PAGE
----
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At 70, Senate hopeful Joe DioGuardi gains momentum by remaining steadfast on principles of sound economic management, vital for a healthy national economy.

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At 70, Senate hopeful Joe DioGuardi gains momentum by remaining steadfast on principles of sound economic management, vital for a healthy national economy.

As a Junior Congressman, Joe DioGuardi did many things that were not only unheard of but that also demonstrated significant challenges from a junior member. From creating a bill that still saves the nation money to refusing a pay raise during his term, the now 70-year-old Certified Public Accountant is again ready to face challenges in DC, this time as a senator.
   
Despite the passing of 25 years since his last vote in Washington, DioGuardi’s message has not changed and has become even more relatable today. “We are spending money we don’t have, and if we continue [down] this path, we are putting America on a grossly unsustainable fiscal course.”

As was the case in his last race, the author has not stopped campaigning for a moment.  The former legislator accepted my interview while on his way to one of many campaign functions. With eight days remaining until Kirsten Gillibrand’s district begins to line up outside of schools and town halls, DioGuardi proudly stated that he will campaign “right to the end.” 

Entering the primaries lacking the support of the Republican Party, DioGuardi said he took his beginning trials as a way to “show the first three words of the Constitution, ‘We the people,’” with many followers who trekked the state to acquire the 15,000 signatures needed for him to enter the primary race without GOP support. 

Soon after receiving support of The Tea Party, the Conservative Party and the Taxpayer Party as well as veterans’ organizations, DioGuardi quickly became a candidate who pundits promised should not be counted out as a prospective electoral success story.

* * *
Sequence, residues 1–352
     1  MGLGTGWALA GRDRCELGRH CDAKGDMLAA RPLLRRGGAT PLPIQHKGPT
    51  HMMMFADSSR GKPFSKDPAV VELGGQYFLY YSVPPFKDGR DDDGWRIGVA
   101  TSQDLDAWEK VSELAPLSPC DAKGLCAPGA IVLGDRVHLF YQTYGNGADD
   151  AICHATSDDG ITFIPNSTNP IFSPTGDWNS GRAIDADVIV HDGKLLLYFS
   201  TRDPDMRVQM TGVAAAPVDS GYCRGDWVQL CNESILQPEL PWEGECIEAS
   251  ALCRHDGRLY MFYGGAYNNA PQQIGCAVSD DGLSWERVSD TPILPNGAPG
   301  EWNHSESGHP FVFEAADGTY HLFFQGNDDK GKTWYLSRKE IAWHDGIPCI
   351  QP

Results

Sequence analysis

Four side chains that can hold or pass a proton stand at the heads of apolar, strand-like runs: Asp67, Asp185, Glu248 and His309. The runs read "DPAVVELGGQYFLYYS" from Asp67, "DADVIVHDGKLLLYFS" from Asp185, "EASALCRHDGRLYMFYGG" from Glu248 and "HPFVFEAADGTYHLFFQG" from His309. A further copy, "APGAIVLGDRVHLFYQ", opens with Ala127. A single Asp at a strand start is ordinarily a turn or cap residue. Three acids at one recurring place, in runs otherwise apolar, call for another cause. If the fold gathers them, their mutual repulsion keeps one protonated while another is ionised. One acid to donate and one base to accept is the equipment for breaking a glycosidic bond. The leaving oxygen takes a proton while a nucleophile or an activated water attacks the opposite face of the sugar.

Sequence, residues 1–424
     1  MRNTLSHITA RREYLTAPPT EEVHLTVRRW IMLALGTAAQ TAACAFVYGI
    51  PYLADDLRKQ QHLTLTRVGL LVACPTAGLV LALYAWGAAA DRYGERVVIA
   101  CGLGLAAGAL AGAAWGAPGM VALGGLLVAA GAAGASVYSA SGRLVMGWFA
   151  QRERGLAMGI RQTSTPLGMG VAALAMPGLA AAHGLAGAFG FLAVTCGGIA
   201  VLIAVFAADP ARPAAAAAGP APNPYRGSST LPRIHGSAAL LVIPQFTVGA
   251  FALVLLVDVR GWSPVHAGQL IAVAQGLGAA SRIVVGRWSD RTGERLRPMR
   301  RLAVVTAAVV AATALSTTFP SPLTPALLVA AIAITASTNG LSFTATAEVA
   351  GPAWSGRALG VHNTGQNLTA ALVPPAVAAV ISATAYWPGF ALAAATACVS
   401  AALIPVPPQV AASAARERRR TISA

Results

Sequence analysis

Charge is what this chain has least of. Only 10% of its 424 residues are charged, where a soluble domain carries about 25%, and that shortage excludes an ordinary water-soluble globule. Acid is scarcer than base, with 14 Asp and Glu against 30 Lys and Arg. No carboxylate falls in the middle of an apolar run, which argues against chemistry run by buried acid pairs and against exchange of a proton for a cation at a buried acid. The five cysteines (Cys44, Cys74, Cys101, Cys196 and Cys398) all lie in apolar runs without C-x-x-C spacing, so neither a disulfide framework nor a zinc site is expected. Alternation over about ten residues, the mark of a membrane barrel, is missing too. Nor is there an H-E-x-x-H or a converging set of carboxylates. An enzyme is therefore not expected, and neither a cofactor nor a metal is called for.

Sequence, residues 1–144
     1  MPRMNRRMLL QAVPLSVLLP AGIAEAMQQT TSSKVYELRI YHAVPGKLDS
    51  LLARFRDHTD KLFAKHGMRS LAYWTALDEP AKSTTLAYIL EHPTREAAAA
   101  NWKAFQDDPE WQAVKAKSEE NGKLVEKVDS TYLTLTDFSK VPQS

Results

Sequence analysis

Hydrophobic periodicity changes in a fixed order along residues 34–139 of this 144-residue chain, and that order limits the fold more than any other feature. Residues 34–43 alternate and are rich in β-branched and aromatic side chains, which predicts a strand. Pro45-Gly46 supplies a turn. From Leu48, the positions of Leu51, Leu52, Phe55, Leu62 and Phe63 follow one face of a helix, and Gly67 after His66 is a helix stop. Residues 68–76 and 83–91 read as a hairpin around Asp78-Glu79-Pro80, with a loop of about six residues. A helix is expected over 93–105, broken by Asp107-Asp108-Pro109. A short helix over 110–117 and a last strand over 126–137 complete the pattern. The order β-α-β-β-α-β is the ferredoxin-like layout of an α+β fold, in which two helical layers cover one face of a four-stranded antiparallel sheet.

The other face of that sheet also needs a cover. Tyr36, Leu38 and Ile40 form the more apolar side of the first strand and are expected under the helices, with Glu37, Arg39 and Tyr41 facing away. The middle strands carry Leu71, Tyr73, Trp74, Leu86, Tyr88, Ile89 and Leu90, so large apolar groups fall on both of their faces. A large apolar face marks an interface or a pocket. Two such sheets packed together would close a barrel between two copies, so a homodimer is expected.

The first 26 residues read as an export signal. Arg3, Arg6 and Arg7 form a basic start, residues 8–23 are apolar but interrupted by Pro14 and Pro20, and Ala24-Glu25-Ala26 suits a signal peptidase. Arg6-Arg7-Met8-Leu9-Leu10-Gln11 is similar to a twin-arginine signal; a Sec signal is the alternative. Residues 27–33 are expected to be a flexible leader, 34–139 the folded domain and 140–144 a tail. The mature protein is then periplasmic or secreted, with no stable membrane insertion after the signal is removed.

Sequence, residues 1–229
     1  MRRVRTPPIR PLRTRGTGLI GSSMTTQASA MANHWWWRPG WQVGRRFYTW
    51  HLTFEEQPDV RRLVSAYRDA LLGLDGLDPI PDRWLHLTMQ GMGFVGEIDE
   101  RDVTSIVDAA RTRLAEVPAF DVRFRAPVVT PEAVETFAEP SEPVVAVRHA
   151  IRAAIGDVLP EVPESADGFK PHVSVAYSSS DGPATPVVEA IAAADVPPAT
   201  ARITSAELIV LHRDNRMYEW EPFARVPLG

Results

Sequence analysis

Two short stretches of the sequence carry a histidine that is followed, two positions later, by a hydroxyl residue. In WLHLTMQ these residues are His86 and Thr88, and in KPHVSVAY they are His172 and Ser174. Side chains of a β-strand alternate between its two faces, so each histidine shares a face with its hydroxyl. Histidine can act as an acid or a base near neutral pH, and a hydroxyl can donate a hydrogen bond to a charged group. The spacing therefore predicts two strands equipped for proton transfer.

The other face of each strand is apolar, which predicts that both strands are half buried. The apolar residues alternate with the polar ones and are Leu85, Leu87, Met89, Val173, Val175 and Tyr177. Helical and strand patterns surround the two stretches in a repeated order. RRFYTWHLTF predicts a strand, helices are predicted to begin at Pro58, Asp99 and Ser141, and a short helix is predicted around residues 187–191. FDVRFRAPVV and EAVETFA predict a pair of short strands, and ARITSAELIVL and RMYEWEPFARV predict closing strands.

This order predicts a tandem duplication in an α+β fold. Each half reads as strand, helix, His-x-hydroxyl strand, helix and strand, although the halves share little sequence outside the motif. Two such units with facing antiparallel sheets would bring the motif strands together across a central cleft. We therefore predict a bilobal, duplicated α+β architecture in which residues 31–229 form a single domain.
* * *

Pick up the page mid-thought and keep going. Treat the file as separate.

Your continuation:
Fiscal issues that he says are bankrupting his city and leaving negative aftermaths, like the State colleges’ graduates leaving for employment that New York should have been able to give them, has been his main stance in his campaign.  Using his former Congressional voting card as a weapon in his fight against Gillibrand, DioGuardi contrasts it to a citizen’s credit card, saying that there is a “credit-card mentality” in government, with no limit to how much can be spent, which unfortunately imposes a severe limit on the nation’s future.  In fact, DioGuardi cast his view in the same light 17 years ago, leading many to believe that he predicted the recession we are in now. 

Discussing the recent situation, DioGuardi comments that while regular people change spending habits when hitting their credit limit, “They (the Government) keep raising the debt limit, and no one wants to stop spending.”

Sounding as if he is about to sigh, the self-professed conservative-independent asked, “When is it going to stop?”

Discussing his opponent, nominated into the office by Governor Patterson to replace now Secretary of State Hillary Clinton, he averred that not only has Gillibrand helped to raise the deficit but has in her past actions profited personally from one of the major fallouts. During her time in the Clinton Administration, Gillibrand helped create the New Markets Initiative, which has been attributed to being a part of the housing crisis that followed. During this time, her husband purchased “put” options in sub-prime lenders such as Countrywide, which made the family $40,000 while the housing market had a meltdown, or has he described it, she profited “on the pain of the people.”

Returning to the subject of her political career, DioGuardi stated that she continues to “flip-flop” between the Democrat whom Senator Harry Reid recently called the “hottest,” to the Conservative Democrat described by him as “Annie Oakley,” as she represented herself to be at her own nomination. 

Continuing to discuss Gillibrand, DioGuardi stated that she has been given two years and has done nothing to assist her district’s situation. “Give me two years,” he said. “If she wants to come back in two years, we’ll have a nice even race at that time.”

Written By

Heather Bachman is the New Policy Director for Frontiers of Freedom and the Political Editor for Parcbench.com. An increasingly recognized political strategist and analyst, the former White House Intern and campaign manager is an honors graduate of Monmouth University.

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